George O'Reilly
George O’Reilly

As my wife and I were driving to church last Sunday, she received a chat text from our daughter who lives in Northern Ireland. Our son-in-law is a technical climber, an instructor of mountaineering instructors actually, and their two daughters are quite the outdoor enthusiasts normally. In fact, at just about 4 years old the older girl had her own YouTube video from climbing with a head cam up a considerable route, probably 100 meters, as her father belayed for her from above. She was quite talkative and admired the scenery and adapted to the challenges of the slope. Apparently, more recently when they went out for a climb, she was not cooperative. As my daughter put it, she just whimpered.

I reflected on this for a bit, and then it struck me. I said, “Children often live into new fears. Perhaps being too naïve when younger, or having had something else make them suddenly aware of some similar danger, they go from complete ease with something, to being fearful of something we once thought they had mastered.” And later they will also grow themselves out of that once-new fear.

Then I realized this phenomenon has been quite a common experience for most adults as well. We often live into new fears. We have been going along just fine in some area of our life, and suddenly something causes us to discover a new fear. It can be change around us, or a headline which upsets us. It might be sensing someone might not come through for us, or even that God seems somehow unresponsive this time around. We live ourselves into a new fear. We were at ease, but are now afraid.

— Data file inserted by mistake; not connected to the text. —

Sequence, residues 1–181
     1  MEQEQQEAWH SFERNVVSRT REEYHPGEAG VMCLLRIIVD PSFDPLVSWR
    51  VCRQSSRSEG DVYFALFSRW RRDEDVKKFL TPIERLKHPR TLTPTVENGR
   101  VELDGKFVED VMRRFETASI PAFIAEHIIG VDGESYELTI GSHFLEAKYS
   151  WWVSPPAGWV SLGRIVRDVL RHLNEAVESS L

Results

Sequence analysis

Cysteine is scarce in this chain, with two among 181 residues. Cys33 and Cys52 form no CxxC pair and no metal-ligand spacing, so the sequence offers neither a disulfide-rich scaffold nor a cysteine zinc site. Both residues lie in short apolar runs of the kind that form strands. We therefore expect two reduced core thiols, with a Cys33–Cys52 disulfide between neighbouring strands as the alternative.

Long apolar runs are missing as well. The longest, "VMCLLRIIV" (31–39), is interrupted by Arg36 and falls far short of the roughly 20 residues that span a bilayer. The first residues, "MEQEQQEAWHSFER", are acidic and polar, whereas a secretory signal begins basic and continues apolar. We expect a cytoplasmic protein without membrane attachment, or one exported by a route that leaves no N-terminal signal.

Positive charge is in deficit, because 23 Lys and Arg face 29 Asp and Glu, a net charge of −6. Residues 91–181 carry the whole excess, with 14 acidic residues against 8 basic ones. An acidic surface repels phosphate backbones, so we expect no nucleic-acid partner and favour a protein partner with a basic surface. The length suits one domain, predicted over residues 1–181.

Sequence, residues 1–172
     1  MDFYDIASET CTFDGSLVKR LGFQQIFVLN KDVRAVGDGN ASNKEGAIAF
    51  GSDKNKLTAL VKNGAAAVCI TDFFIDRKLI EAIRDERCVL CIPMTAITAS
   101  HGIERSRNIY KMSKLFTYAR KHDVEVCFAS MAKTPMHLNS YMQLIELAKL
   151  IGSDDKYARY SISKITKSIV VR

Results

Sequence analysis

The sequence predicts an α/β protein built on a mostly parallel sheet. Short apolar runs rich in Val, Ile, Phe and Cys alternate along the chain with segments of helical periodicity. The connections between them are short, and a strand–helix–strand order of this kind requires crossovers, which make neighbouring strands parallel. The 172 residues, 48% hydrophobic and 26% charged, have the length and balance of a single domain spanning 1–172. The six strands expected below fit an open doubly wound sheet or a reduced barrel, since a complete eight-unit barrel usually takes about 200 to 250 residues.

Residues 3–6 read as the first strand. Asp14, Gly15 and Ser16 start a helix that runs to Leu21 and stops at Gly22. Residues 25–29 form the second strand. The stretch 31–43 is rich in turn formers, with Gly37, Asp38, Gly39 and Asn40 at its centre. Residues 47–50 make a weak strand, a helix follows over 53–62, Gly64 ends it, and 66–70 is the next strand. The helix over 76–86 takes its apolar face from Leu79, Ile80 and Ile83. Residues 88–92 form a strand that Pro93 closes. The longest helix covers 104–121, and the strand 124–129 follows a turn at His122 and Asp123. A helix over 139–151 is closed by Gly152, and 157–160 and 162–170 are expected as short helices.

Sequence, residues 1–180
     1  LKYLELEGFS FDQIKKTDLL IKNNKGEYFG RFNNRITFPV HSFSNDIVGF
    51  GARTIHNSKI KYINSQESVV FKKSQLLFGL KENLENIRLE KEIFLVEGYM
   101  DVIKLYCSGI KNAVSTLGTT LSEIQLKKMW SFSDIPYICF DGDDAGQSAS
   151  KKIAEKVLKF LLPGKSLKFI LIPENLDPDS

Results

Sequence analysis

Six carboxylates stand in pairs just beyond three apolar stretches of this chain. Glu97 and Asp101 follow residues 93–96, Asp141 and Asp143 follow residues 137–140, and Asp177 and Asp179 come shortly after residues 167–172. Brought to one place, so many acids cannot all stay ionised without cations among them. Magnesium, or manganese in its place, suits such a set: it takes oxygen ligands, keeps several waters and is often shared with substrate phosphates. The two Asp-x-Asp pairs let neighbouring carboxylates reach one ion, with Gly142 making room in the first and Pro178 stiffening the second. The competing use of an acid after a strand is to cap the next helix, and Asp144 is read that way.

And actually I think this is just the way it should be. We need to truly incarnate ourselves into our own lives, to enter fully even the challenging aspects of our experience. And if we do this deeply, we will at times be struck that we are “out of our depth.” Somehow a familiar situation will draw from us unfamiliar anxiety. And of course our response could be whimpering and withdrawal. But that reaction entails withdrawal from our lives. And such an attempt to “save our life” is more likely to cause us to “lose it.”

Indeed, could we not say that the promises of Jesus and the Father to “never leave or forsake us” are focused mostly on the new fears into which we live? We may think, “I won’t have enough,” “I won’t be at home,” or “I will be abandoned on my own.”

It seems to me that the promise of Jesus is not to keep us from discovering new fears, but to incarnate his life into ours and to help grow us out of those new fears, perhaps only by remaining in them with us. I see this so often in people I most admire. They turn from withdrawal and incarnate themselves deeply into the complexities of their own life. In so doing, they at times live into new fears. But they press on and eventually grow themselves out of those once-new fears.

Such people realize that Jesus could not join them where they are not. Withdrawal from their own life would be withdrawal from the incarnational presence of Jesus in their life. So when their life causes them to “live into a new fear” they anticipate meeting Jesus there! And they incarnate themselves deeply into their own life, and find the Savior incarnate right there with them.
I am pondering this still, but I am strongly drawn to this image, though I admit it may seem ethereal to some. So let me close simply by saying, “Live into new fears!” And may Christ incarnate meet you there!

— Pastor George O’Reilly

Year of Covenant Facilitator